After her husband of 26 years died, Angela Murray found it incredibly difficult to cope. "The feelings were so intense and so hard to cope with, I thought I was going crazy," she says. "I was going from panic attack to panic attack – it was just really awful."
Though surrounded by supportive friends and family, the 56-year-old tended to protect them from how she was really feeling. “If somebody hasn’t been through it, then they think they know, but they don’t, and you’re afraid to say to them just how how bad it is.”
Murray's husband died aged 55 from head injuries sustained in a fall. Shortly after the funeral, the mother-of-two spend time online trying to find something to help her cope. She came across widow.ie, a bereavement support website for people who have lost a spouse or partner. She says she "devoured it", reading through the posts from people of all ages and backgrounds from around the country and found it gave her "some glimmer of hope".
“For people who were further along to be able to say to me ‘you will survive’, that was an incredible help.”
Murray remembers feeling “very conspicuous” after John’s death in 2014. “It sounds paranoid but I felt people were taking note of how I was – was I a complete basket case? Was I coping? You didn’t want to be seen looking too cheerful or laughing, you’d be afraid people would find it inappropriate, but I didn’t have any of that on widow.ie.”
Being able to turn to the website, particularly in the middle of the night when no one else was around, was of great comfort to her. “There is usually somebody online and even if there isn’t you can still say how you are feeling and people will come back to you very quickly. It’s hard to measure how much of a help that is.”
The website has proved a godsend for many of its 2,100-plus members. Since it was established in 2009, it has helped people through the darkest time of their lives and has provided an answer to one of the most commonly asked questions on the site: “Does it get better?”.
The website's founder, Colette Byrne, found herself asking that exact question in 2008 when her husband Peter died suddenly aged 32. She was trying to find a way for her and her then three-year-old daughter to cope with their new reality.
While Byrne found some comfort through an online American support forum, she wanted to talk with Irish people specifically, particularly about upcoming events such as Peter’s month’s mind Mass and his road traffic accident inquest, but she couldn’t find anything online.
Then a colleague suggested she take matters into her own hands. “I remember thinking, ‘are you mad? I can barely hold a sentence together at this stage’, but that planted the seed.”
The office worker from Co Laois whose “most advanced computer skill was putting a winkey, smiley face on an email”, began learning about domain names, hosting and coding. Joining is free, everything posted on the forum can only be seen by members and none of it is searchable by Google or other search engines. Members post at all hours of the day, with evening time – after people have put their children to bed – being one of the busiest. Emotionally- charged events, family holidays or milestones such as exam results, back-to- school time in September or the run-up to Christmas spark extra traffic on the site.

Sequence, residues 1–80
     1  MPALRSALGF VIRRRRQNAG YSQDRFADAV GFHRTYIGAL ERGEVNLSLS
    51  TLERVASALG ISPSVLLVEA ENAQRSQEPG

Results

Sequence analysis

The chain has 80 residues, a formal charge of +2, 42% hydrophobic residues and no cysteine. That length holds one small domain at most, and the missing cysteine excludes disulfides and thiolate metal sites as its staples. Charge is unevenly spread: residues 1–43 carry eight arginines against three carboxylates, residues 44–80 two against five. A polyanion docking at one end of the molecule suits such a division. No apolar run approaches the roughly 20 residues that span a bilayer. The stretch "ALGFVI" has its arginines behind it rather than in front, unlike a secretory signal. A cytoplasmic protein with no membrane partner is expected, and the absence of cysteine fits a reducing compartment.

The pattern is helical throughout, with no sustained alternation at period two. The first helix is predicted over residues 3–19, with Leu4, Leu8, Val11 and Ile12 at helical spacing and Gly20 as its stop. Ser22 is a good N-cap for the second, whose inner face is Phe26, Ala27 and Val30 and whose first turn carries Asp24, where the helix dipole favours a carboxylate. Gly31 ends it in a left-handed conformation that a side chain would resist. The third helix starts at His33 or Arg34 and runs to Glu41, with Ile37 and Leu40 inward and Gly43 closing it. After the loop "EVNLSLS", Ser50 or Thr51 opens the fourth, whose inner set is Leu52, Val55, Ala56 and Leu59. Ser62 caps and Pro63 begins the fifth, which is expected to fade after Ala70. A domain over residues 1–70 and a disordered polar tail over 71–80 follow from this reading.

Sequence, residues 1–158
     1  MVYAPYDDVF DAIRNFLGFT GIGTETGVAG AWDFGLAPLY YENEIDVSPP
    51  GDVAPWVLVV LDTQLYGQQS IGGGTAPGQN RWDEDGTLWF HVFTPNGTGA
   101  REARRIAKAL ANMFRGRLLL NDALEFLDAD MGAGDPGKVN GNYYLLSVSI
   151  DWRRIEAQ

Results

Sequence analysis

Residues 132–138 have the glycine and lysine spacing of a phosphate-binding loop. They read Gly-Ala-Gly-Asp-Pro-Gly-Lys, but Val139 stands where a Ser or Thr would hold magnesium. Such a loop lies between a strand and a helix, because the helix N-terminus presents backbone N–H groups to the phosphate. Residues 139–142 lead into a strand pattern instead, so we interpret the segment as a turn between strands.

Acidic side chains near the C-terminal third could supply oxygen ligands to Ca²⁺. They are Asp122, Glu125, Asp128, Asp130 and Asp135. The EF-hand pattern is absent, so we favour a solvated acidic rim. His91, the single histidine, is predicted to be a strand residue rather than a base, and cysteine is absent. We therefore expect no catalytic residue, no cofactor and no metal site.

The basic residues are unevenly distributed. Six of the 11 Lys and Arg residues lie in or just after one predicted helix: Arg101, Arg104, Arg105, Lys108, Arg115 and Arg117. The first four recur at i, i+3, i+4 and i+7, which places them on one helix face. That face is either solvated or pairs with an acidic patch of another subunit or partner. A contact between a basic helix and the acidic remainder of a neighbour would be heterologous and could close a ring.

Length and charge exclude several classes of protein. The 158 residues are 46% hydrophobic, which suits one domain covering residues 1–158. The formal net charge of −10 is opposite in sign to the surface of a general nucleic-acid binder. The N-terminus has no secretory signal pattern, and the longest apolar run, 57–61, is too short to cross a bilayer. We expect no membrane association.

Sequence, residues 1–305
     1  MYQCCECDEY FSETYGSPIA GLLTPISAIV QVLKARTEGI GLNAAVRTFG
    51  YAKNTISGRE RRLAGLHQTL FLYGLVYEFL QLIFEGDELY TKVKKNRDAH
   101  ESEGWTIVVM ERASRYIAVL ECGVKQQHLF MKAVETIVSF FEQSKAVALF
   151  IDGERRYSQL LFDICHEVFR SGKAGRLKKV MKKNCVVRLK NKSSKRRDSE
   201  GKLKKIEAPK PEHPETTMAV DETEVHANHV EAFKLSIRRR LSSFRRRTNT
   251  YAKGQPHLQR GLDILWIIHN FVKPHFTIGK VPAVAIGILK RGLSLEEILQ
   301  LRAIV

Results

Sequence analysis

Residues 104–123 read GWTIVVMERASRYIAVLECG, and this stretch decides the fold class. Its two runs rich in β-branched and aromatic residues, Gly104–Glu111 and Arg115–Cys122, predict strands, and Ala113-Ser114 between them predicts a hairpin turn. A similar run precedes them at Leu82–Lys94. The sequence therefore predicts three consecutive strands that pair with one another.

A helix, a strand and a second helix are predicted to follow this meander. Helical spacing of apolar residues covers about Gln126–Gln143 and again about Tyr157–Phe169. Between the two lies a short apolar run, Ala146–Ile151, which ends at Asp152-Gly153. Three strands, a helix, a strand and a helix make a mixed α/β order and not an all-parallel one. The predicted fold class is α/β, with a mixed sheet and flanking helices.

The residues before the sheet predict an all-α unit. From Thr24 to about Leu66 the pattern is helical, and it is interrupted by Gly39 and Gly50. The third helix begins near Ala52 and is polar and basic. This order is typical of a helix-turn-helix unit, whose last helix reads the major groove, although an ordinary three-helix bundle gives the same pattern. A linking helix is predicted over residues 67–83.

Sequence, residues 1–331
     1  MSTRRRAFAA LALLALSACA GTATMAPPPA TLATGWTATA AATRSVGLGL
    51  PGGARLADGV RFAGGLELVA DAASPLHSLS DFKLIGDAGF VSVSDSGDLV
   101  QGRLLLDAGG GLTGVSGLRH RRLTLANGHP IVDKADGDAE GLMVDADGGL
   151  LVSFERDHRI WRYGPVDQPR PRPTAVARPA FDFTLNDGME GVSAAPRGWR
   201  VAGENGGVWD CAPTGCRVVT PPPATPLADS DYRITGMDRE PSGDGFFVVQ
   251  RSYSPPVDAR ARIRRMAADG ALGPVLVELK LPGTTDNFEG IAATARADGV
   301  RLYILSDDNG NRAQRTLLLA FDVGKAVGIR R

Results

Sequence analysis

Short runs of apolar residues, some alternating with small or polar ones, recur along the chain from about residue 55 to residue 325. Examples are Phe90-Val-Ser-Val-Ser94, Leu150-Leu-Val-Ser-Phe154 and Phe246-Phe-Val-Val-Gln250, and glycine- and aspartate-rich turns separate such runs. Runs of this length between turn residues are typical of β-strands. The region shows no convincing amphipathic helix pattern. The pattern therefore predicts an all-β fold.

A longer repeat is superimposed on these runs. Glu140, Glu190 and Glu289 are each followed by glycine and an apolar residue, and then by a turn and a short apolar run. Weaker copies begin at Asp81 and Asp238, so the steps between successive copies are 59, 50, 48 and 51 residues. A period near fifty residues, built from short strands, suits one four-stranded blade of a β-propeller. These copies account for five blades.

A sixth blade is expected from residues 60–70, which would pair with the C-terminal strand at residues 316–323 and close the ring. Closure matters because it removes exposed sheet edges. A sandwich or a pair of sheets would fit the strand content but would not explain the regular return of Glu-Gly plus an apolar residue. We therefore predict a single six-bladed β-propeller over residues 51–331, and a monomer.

According to the latest CSO figures, there are 196,227 widowed people in Ireland. David Curran (52), a moderator on the site who lost his wife Joann suddenly to a brain aneurysm in 2015, sees people join widow.ie "on a ridiculously regular basis".
Curran also notices that people tend to make use of the site for a certain amount of time, before they no longer need it in the same way. “I’ve a feeling that is in part due to how difficult it is to read the new stories of people coming on,” the father-of-three says. “It brings it all back up, the pain, the confusion, the anxiety, the hurt and the fear. But I also like to think that hopefully they’re not hurting as much and so don’t need the site. So it’s done its job in many ways.”
While getting support and advice from others is what draws many to the website, providing support in return can also help people cope with the trauma. This is true for Darren Cooney (36) who walked into his bedroom in May of this year to find his 31-year-old wife Karen dead on the floor, a few months after being treated for a pericardial effusion. Karen and Darren had been a couple for 15 years and have two children. Five months after her death, he finds himself providing support to others, even while he's finding his way through his own "nightmare".